A family history researcher needs to remember that not all is as it seems. Often multiple people can have the same name and distinguishing between them can be a mystery as exciting as the crime shows one watches on TV.
With great anticipation I opened the envelope eagerly looking to see what it contained. Recently I had phoned a name I had found on a note to a great aunt who had passed away several years ago. The person was Donna O’Dean and she was a very knowledgeable family historian with roots in the McNabb family that was my current interest. She had promised to send me some information that would be of interest and I was very excited to see what she was sharing.
To my astonishment Donna provided me with a long line of relatives that carried her family tree into the middle of the 18th Century, as well as a history of her travels in Scotland searching for the story of the McNabb Clan in general. The envelope was a gold mine of interesting material.
I was thrilled to see that she had a spot on her family tree for a man named Thomas McNabb who was born in 1840 in Melancthon Township. She did not have much information about him, but the similarity in birth year and location was enough for me to make the leap that he was the same person as my great great grandfather and in one package I had extended my family research back 100 years!
As I dug further into the envelope I uncovered a picture of Thomas along with his brother, nephew and great nephew. That was a fantastic find. It was a very good picture and even as a copy something that I would treasure in my collection.
Soon after that I received an email with an attachment from a distant cousin who was the granddaughter of the same great aunt whose correspondence had caused me to contact Donna. She sent me a picture of her grandmother`s that showed Thomas, my great great grandfather, with his daughter, Violet Jane, and his granddaughter, Millie. Again it was an excellent photo that I was glad to receive.
The two pictures, however, were troubling. It was clear that the two people were not the same Thomases and our family trees did not connect at Thomas. So much for extending my family tree so easily!
Upon more investigation I was able to learn a little about each of these men whom I named the Larmour Thomas and the O’Dean Thomas after the two ladies who brought the men to my attention.
The Larmour Thomas was my great great grandfather and the husband of Charlotte Robbins. Numerous references to the family in various censuses clearly show the family develop in Simcoe County, Ontario, mostly in Rama Township. It became useful to see that in the 1901 census Thomas and Charlotte had a young boy named Jack McPhee living in their home. That information would become useful later as I identified the correct death record.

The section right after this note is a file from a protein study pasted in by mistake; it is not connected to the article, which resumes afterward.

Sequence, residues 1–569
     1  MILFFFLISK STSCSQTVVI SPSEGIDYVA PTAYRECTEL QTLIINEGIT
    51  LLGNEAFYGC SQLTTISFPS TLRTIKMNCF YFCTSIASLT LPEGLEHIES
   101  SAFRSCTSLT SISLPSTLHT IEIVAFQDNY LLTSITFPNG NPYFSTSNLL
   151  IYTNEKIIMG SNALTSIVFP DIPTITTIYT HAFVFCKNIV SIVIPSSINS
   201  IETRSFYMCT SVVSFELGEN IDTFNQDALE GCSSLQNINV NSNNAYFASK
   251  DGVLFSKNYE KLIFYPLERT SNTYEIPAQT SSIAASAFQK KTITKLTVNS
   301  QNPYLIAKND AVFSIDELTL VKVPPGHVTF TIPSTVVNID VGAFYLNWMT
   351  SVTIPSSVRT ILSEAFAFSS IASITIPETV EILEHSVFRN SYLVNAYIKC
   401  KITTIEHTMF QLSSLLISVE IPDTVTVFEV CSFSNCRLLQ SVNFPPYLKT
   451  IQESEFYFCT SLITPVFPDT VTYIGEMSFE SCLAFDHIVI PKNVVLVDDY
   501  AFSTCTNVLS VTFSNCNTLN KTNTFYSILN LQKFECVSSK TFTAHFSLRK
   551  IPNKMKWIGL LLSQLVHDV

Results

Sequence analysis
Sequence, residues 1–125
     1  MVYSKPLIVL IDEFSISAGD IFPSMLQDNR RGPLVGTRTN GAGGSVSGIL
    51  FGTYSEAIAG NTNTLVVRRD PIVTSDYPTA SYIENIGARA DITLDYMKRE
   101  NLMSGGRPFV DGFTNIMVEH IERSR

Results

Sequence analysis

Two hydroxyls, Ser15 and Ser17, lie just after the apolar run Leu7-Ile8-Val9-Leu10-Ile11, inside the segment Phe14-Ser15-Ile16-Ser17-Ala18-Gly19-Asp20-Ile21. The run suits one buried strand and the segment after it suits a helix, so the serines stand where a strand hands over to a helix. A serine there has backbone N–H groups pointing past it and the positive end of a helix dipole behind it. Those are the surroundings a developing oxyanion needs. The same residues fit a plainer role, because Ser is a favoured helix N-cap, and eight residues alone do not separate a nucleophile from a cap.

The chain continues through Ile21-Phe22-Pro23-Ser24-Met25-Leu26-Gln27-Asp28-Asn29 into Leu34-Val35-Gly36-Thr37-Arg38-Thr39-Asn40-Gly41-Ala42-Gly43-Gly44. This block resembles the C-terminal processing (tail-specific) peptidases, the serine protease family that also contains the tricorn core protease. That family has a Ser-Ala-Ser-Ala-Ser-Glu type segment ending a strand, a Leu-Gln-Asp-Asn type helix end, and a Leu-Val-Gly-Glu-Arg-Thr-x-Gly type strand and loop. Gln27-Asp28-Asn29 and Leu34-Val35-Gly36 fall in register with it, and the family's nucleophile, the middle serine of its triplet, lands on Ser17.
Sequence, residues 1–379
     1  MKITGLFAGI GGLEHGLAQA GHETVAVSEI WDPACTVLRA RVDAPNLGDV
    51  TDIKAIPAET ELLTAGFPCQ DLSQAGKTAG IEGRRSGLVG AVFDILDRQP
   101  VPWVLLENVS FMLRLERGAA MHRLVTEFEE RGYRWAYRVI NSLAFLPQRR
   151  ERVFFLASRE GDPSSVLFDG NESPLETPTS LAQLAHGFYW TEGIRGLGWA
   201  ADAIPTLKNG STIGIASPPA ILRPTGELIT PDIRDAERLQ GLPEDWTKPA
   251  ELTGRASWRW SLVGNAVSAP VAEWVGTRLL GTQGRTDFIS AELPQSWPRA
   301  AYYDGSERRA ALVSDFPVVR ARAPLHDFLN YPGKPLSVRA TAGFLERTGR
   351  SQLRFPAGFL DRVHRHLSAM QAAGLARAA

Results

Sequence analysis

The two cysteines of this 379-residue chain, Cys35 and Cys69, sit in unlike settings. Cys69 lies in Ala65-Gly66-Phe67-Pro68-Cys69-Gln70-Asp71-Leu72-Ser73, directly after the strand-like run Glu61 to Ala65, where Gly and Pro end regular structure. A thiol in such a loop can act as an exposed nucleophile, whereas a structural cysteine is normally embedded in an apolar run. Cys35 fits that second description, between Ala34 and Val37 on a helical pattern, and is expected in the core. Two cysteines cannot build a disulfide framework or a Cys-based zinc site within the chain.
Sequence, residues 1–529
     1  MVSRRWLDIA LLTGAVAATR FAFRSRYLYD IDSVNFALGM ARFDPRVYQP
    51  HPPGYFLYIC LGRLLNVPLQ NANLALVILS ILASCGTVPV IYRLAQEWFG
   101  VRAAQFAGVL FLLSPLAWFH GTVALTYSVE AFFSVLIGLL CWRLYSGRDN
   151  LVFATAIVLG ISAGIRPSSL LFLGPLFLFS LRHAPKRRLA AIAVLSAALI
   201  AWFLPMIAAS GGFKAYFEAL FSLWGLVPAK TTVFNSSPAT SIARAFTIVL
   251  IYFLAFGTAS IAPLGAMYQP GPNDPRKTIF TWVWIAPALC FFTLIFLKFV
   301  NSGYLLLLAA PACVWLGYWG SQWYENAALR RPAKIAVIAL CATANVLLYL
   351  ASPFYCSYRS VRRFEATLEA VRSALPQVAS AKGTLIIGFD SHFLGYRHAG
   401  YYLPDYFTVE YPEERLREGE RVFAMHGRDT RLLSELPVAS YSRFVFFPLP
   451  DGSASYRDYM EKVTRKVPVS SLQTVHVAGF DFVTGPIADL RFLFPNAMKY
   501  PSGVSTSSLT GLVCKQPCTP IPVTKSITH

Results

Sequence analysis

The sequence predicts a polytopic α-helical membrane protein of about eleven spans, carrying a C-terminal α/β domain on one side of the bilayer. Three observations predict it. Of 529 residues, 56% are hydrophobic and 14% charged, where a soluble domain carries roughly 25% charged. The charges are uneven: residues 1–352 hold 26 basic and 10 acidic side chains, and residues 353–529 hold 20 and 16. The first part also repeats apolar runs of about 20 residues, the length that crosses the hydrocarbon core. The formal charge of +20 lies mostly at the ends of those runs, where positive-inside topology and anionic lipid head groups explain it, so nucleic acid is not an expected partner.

Thomas and Charlotte lived at Cooper’s Falls, Rama Township, for many years. They raised their family there and many of their grandchildren were born there. This is the place of the stories which I had heard from my grandmother. The McNabb farm was located at Concession N, Lot 13 and this address was found on Charlotte’s death record. On Thomas death record his residence was listed as Concession N, Lot 2. This was the address of Jack McPhee, the same name as the young boy who had been raised in the McNabb household. Further reading of the death record indicated that Jack McPhee was the informant of the death and that he recorded himself as the “adopted son” of Thomas. Such an interesting find! One more piece of evidence on this record is that Thomas birth place was recorded as being “the USA”. That was in contradiction to family lore which had him born in Orangeville, Ontario. Troubling, but I guess it is always good to have one more clue to search for.
From this I deduce the Larmour Thomas is the person for whom I have been looking and that he was the person married to Charlotte Robbins.
The O’Dean Thomas has been more difficult to learn about. In 1837 he was born in Rosemont, Melancthon Township, Dufferin County, to Robert McNabb and Ann Campbell. During the 1870’s he apparently moved to Michigan with his family, but soon afterward returned to Canada to work in the woods. Likely this would have caused him to move to northern Simcoe County or Muskoka district where the timber industry was established. In 1907.08.12 he married Anne Hummerson in the Township of Perry, Parry Sound District. The two people were living in Novar at the time. On the wedding record Thomas says that he was married before, but I have not yet located a marriage record for that marriage. Charlotte Robbins had passed away earlier in 1907, but she had been living in Cooper’s Falls at the time and the O’Dean Thomas lists Novar as his residence at the time of marriage. It is very unlikely that he can be the person who was married to Charlotte.
While I have much to learn about these two men I am certain they are different people. The Larmour Thomas was married to Charlotte Robbins and the O’Dean Thomas was the son of Robert McNabb (1818) and Anne Campbell (1824).
Note: In searching for clues about one`s ancestors a person has to be careful not to jump to conclusions. Like a detective in a great novel, a family historian has to stick to “the facts, ma`am, just the facts.”